So.. Absolutely, they DID bring in elements of our free market system. They just brought in those elements which most benefit the Chinese state with benefit to the people beyond that being a side bonus, but hardly the point.



posted on Apr, 30 2012 @ 08:40 PM
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China and Rothschilds already are doing business ... both ways.


Bank of China Limited (BOC) SSE: 601988 SEHK: 3988 (simplified Chinese: 中国银行; traditional Chinese: 中國銀行; pinyin: Zhōngguó Yínháng; often abbreviated as 中銀 or 中行) is one of the big four state-owned commercial banks of the People's Republic of China. It was founded in 1912 by the Government of the Republic of China, to replace the Government Bank of Imperial China. It is the oldest bank in China. From its establishment until 1942, it issued banknotes on behalf of the Government of the Republic of China along with the "Big Four" banks of the period: the Central Bank of China, Farmers Bank of China and Bank of Communications. Although it initially functioned as the Chinese central bank, in 1928 the Central Bank of China replaced it in that role. Subsequently, BOC became a purely commercial bank. Its headquarters are in Xicheng District, Beijing.[2]

In December 2010, the Bank of China New York branch began offering RMB products for Americans.[3] This is the first major Chinese bank to offer such a product currently.



2008 Bank of China buys 20 percent stake in La Compagnie Financiere Edmond de Rothschild (LCFR) for 236.3 million euros (US$340 million)

en.wikipedia.org...




When Jennifer Yu, Rothschild's top executive in China, wanted the firm to advise Chinese carmaker Zhejiang Geely on its bid for Volvo, some colleagues at the bank's headquarters in Europe were skeptical. A senior banker asked her how a "mouse" like Geely could swallow an "elephant" like Volvo. "There's a dragon behind this mouse, and it's China," Yu recalls answering. She and the team handling Geely won the argument, and Geely won the bidding. It completed the takeover of Volvo from Ford Motor (F) for more than $1.3 billion on Aug. 2.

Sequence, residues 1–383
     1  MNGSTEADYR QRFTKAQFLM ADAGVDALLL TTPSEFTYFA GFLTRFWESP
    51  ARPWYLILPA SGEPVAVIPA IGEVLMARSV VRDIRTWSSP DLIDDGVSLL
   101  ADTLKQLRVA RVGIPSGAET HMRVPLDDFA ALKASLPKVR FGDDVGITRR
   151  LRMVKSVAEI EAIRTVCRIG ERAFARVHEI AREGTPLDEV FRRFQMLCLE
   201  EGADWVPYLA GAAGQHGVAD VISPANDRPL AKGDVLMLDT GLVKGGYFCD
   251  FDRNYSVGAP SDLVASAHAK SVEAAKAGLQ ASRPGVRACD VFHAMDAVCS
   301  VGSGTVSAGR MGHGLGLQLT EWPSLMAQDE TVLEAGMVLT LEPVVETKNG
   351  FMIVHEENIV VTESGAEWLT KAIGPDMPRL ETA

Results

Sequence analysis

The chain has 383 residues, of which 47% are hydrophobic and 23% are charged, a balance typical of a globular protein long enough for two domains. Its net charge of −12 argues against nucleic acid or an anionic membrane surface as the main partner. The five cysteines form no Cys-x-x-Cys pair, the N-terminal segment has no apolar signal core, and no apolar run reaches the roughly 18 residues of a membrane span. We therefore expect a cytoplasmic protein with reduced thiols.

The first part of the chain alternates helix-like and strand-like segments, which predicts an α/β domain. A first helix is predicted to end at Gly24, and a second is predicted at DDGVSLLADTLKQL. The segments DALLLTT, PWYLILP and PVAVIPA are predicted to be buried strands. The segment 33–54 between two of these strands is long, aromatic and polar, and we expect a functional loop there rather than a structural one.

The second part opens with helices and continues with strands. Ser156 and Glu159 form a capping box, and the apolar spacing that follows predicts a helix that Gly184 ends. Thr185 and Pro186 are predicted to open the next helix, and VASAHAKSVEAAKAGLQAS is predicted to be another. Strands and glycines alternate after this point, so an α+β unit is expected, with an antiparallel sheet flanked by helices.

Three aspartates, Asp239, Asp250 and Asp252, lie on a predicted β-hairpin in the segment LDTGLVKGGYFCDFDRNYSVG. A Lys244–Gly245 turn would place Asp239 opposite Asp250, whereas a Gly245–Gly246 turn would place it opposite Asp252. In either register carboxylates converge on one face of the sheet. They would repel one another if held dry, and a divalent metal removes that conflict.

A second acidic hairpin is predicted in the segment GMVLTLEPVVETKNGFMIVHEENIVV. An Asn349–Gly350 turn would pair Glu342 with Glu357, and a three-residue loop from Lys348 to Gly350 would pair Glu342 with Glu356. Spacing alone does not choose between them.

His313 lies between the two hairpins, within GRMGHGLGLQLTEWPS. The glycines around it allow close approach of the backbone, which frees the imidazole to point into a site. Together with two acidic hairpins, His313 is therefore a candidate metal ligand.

Rothschild, the more-than-200-year-old family-controlled banking dynasty, is making a big move in China, and Yu is leading the charge.

Jennifer Yu Leads Rothschild's China Push




The People's Bank of China (PBC or PBOC) is the central bank of the People's Republic of China with the power to control monetary policy and regulate financial institutions in mainland China. The People’s Bank of China has the most financial assets of any single public finance institution ever.[2]

People's Bank of China


All the politicing is diversionary.


Rothschild targets China


Rothschild Offices
(several in China)



posted on Apr, 30 2012 @ 08:43 PM
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There's "LOADS" of international corporations in China also.

Not small stones either



In 1979, there were 100 foreign-owned enterprises in China. In 1998, there were 280,000. As of 2007, foreign companies employed 25 million people in China. U.S. companies with offices in Beijing include Google, Microsoft, FMC, Cigna, Unisys and General Electric. U.S. companies with major production facilities in Shanghai include Dupont, Rohm & Haas and General Electric. As of early 2010, Fortune 500 companies had 98 research and development facilities in China.

Foreign companies in China include Coca Cola, Pepsi Cola, Nike, AT&T Corp., Bristol-Myers Squibb Co., Citibank, Morgan Stanley & Co., Volkswagen AG, Unilever, Toshiba Corp., Matsu#a Electrical Industrial Co., General Motors, France's Citreon, Philips Electronics, Cisco, Microsoft, Motorola, Samsung Electronics, NEC. Proctor and Gamble, Wringley chewing gum.and Hitachi Ltd.

FOREIGN COMPANIES IN CHINA

Chasing Rare Earths, Foreign Companies Expand in China


Welcome to the O.ne ...W.orld ...E.conomy !

.... as in "you O.W.E. me money !

Oh and one more thing .... China buys up loads of U.S. Bonds !



posted on Apr, 30 2012 @ 08:58 PM
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Ask the residents from the former communities now buried under Three Gorges Dam, how they feel about their property rights.



posted on Apr, 30 2012 @ 09:30 PM
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Originally posted by Wrabbit2000
reply to post by Nephlim
 


You note a large % of the Chinese Economy is private sector. well, yes, it is. ...and No, it's not. It's a funny little morphing of Communism and Capitalism they have going over there. For a large % of major industry and business, it isn't Mr. Wu or Chang in some Trump style mansion who own the businesses in the end, It's an address at the People's Liberation Army / Navy. China's Military sector has paws DEEP into most private sector...so calling it private really is a mixed bag. You're not technically wrong.....but that isn't Western capitalism.




can you prove that?? because the new york times article i quoted says anyone can open a business in china. its hard to get money for, but there are many people that open private businesses. Chinese government owns many bussiness, but they are fastly being overpowered by the free market. so that now more than 70% of the economy is private bussinesses.